Because it manufactures automation equipment and the tooling that goes into the machinery, DT Engineering has an advantage over competitors that do one or the other but not both. Instead of going to multiple vendors for the equipment and tooling, customers use DT Engineering as a vertically integrated one-stop shop capable of fulfilling most of their needs out of its 230,000-square-foot facility in Lebanon. “Ninety-five percent of what we need to do we can do in-house,” Sheldon says. “We don’t have to rely on anybody from the outside.”

Backward Integration

The new culture DT Engineering created to appeal to younger workers extended to its manufacturing process. “We’ve basically thrown the traditional project management in the trash,” Sheldon says. “We have a whole new system of how we manage projects.”

The approach, which Sheldon dubs “backward integration,” has seen immediate results. DT Engineering has not DTmissed a single delivery deadline this year, an improvement from the past. It starts by having the end-goal in mind. Once it knows what it must deliver to the customer by the due date, DT Engineering holds an offsite meeting with all of its teams to work backward on developing a schedule with milestones that every functional department must achieve on a weekly basis.

It’s a results-oriented process that matches the way millennials approach tasks. By focusing on milestones, DT Engineering was able to do away with timecards and allow for flexible work schedules – unfathomable at most shift-based manufacturers. “They know what they have to achieve,” Sheldon explains. “Once they achieve that, they can either pull forward or go home. If we accomplish our deliverables and put ourselves in a good position it doesn’t matter to me if we do that in four days or five days.”

Backward integration is about harmonizing the commitment to the customer and the work/life balance for employees. Planning down to the finite details upfront and hitting those targets means employees don’t have to stress themselves and work longer hours at the end of the project to meet delivery dates. “We motivate to do better planning relative to our commitment,” Sheldon says. “We’re doing things we said we could never do, and we’re not breaking a sweat doing it.”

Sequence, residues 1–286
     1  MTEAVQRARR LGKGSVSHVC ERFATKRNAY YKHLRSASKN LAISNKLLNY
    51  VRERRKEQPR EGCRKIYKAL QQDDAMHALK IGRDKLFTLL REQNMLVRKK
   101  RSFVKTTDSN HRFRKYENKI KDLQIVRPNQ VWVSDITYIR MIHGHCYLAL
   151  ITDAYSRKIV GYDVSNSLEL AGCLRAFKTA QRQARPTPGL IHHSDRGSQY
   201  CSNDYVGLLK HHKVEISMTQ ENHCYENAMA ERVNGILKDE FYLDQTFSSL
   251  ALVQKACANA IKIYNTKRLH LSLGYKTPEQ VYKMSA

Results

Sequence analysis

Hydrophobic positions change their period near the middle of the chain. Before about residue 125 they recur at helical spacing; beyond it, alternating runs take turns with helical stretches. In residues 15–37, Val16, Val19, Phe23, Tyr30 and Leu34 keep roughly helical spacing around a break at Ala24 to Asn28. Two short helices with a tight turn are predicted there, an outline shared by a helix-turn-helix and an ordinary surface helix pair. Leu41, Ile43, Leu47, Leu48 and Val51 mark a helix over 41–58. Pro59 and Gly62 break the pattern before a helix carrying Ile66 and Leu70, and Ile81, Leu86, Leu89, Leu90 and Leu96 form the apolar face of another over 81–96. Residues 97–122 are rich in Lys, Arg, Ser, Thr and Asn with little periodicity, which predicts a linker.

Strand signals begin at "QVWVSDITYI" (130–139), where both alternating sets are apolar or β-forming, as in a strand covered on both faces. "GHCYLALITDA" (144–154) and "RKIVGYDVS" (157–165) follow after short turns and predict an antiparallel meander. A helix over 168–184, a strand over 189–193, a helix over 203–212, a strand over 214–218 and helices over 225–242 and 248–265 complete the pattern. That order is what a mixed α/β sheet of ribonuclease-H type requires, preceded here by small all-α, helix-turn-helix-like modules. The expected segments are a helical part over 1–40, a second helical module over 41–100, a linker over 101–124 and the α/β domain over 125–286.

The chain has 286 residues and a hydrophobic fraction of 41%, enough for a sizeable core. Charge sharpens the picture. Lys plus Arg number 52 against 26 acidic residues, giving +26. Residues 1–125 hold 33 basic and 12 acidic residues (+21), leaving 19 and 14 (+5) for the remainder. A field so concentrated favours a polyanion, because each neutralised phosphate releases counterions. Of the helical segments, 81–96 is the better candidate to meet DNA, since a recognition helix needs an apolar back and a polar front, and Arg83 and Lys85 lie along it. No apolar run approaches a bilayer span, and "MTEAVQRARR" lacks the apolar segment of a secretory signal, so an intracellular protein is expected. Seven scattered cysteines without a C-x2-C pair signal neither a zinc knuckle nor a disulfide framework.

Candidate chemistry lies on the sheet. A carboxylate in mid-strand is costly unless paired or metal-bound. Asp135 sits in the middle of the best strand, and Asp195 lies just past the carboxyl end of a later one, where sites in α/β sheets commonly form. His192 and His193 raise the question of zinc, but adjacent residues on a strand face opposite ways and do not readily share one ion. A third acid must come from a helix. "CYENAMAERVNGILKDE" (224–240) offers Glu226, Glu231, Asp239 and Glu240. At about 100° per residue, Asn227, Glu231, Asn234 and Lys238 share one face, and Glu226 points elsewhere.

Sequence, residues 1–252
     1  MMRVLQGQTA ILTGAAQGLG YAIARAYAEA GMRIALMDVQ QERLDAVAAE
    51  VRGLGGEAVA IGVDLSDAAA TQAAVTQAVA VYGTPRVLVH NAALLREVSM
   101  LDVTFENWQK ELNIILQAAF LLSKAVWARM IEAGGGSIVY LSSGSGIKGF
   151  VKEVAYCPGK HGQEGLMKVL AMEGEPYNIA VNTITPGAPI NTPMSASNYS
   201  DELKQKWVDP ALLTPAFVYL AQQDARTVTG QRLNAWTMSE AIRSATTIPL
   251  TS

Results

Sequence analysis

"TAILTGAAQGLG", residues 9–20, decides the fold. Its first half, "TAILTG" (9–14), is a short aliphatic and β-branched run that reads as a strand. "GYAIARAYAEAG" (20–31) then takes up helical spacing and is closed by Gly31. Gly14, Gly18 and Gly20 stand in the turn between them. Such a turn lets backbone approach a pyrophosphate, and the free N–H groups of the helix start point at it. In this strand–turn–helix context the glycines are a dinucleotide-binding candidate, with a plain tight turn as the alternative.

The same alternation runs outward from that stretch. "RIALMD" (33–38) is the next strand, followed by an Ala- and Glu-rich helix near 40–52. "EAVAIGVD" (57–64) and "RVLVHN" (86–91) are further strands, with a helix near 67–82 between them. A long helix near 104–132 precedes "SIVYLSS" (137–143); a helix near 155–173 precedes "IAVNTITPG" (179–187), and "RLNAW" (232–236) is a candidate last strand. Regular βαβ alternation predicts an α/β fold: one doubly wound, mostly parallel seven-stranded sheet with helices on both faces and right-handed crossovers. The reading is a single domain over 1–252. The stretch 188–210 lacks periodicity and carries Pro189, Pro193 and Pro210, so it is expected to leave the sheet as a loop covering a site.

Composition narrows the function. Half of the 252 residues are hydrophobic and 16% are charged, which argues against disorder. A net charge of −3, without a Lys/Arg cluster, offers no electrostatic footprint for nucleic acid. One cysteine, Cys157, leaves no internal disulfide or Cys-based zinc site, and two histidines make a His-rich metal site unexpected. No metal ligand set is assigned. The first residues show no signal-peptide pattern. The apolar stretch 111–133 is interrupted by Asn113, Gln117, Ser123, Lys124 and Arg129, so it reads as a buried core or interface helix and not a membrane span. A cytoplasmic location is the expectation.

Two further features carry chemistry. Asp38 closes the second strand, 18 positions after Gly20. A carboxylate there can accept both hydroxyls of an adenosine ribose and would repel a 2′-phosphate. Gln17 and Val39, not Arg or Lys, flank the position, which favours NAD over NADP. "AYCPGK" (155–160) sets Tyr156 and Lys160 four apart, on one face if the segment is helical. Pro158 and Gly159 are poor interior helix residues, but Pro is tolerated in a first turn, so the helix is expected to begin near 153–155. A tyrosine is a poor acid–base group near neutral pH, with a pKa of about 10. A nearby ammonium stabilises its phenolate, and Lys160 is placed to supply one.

Controlling Growth

Exposure to younger workers has even helped Sheldon and Cook better prioritize their goals for the company. “To some degree, our minds are so open now with how we get the millennials in here that it’s rubbing off in other ways,” Sheldon says.

Take DT Engineer’s approach to growth. Most companies dispatch a large salesforce to find customers and drive revenue, but Sheldon prefers focusing on c-suite relationships and finding ways to leverage the company’s business model to help clients. Because it is a privately owned company, Sheldon says DT Engineering can afford to think long term instead of chasing short-term profits. “We’re trying to build the future by having sustainable relationships with customers that are long lasting,” he explains.

“We’re not trying to be the biggest automation and tool-and-die company in the world, but we’re trying to be the best,” he adds. “We want to control our growth. There’s enough work for everybody and then some in automation and tooling. We don’t want to grab everything. It can mess with your culture, it creates a lot of stress and is not a beneficial environment for your employees.”